From his teenage years Shostakovich worked as a pianist in the cinema. His first film score was The New Babylon composed when he was twenty-three. The movie had problems with the censors and numerous re-writes were demanded even before shooting started. After two industry previews of the finished film, with Shostakovich performing on the piano, the Moscow censors ordered further cuts. Editing Shostakovich’s score to match proved impossible and early showings were shambolic as the scoring was beyond the abilities of most cinema orchestras. Copies of the piano part, for smaller house, now unfitted for the film, were sold off. A surviving copy provided the material for this first public performance by Sasha Grynyuk. The film’s restoration by Marek Pytel and Jane Elliott is an amalgam of footage from Soviet and Swiss sources and is probably the nearest to the directors’ original although the ending is lost and was shown as a script-only sequence.
From 1929 to 1971 Shostakovich composed music for almost forty films, providing psychological insight and ironic comment. Despite its flaws The New Babylon is an important score, full of contrasting moods and parody. The New Babylon was the seventh film of the partnership of Grigori Kozintsev and Leonid Trauberg, members of FEKS (Factory of the Eccentric Actor), committed to the avant-garde and in favour of popular culture and the machine. The New Babylon represents their aesthetic at its most fully achieved.
The film is set in the spring of 1871 during the time of the Paris Commune and immediately after the end of the Franco-Prussian war. It centres on Louise (Elena Kuzmina) who works in a department store in Paris called The New Babylon. She is in love with the soldier Jean (Pyotr Sobolevsky) who is on the other side of the political divide. The Parisian bourgeoisie rejoice as war is declared on Prussia and cheer soldiers off to battle.
Throughout the movie there is an equation of war with theatrical spectacle. “Gay Paris” is presented in suitably lascivious and sensuous images with furious drinking, dancing and outrageous behaviour, and the quiet dignity of the Communards is shown in contrast to others’ self-indulgence. The old political order is represented glum statues and gargoyles. The war/theatre analogy is maintained throughout, particularly when the French government moves against the Communards. As the army’s cannons fire the observing bourgeoisie applaud as though watching an opera.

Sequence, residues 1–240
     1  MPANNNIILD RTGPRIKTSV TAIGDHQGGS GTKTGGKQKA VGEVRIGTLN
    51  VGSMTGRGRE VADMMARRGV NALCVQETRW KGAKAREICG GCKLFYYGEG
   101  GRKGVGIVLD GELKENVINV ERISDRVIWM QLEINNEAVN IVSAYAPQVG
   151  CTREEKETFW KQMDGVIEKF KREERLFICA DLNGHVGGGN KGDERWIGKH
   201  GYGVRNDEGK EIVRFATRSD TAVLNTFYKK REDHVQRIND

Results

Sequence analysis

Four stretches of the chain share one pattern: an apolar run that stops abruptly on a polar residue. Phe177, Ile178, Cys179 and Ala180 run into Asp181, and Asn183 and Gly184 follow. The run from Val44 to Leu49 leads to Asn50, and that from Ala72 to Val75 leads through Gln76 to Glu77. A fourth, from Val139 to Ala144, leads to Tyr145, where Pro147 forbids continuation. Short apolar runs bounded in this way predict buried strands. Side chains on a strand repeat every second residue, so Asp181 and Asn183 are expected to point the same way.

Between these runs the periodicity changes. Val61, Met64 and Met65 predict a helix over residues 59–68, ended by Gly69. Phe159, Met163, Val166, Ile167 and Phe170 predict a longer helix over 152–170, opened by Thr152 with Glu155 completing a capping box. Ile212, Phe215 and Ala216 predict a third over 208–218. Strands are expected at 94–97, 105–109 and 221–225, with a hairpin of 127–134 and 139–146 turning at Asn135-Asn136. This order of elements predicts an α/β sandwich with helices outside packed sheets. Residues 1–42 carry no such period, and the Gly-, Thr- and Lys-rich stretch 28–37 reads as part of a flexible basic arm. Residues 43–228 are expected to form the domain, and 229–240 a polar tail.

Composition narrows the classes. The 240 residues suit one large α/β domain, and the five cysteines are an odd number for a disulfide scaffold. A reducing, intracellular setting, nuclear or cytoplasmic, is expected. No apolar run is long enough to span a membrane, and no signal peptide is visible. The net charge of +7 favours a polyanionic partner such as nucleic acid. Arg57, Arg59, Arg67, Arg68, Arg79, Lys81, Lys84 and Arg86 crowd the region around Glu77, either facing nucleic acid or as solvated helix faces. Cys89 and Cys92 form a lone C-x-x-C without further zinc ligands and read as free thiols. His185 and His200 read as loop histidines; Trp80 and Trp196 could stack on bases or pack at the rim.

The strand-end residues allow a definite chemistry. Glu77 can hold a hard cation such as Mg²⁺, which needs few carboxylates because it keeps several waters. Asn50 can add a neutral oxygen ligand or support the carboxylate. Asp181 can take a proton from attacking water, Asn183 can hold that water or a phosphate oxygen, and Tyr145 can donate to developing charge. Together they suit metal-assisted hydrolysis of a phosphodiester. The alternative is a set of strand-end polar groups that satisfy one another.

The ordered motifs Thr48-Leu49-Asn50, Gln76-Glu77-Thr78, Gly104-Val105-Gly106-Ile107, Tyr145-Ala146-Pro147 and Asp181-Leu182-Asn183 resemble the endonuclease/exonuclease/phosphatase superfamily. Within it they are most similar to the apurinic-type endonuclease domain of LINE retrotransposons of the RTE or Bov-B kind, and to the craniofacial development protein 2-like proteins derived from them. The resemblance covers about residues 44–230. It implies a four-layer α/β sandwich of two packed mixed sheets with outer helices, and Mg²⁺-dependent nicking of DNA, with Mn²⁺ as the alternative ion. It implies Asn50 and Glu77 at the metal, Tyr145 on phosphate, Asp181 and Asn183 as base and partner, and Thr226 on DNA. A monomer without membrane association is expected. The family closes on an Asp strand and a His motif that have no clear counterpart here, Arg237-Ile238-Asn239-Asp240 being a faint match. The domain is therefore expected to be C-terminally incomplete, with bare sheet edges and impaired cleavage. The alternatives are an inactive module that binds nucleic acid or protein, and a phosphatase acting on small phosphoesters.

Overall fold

It’s not a subtle film and the extreme parody can become wearing. But it has great energy and life. As Trauberg later admitted, it can be difficult to follow, something not helped by the cuts. There are though moments of magical imagery involving parasols and bales of lace in the store as well as big set-pieces involving Can-Can dancers and trains. Above all, the movie is a gallery of magnificent faces, whether noble or grotesque, with some especially opulent moustaches. The striking Kuzmina plays a spirited and involving heroine.
Shostakovich’s music matches the surreal and stylised manner. A range of revolutionary songs are used for the Communards, including La Marseillaise, as well as French folksongs. His myriad quotations (including from Offenbach) match the film’s fast-paced cross-cutting. It seems that the orchestral score was felt to overwhelm the images. Such a flaw is much less noticeable in the piano version. Sasha Grynyuk was in stunning form throughout, bringing tonal variety along with symphonic unity rendered with feeling and remarkable precision. If the Russian musicians of 1929 could not keep up with Shostakovich’s furious tempos this was never a problem for Grynyuk.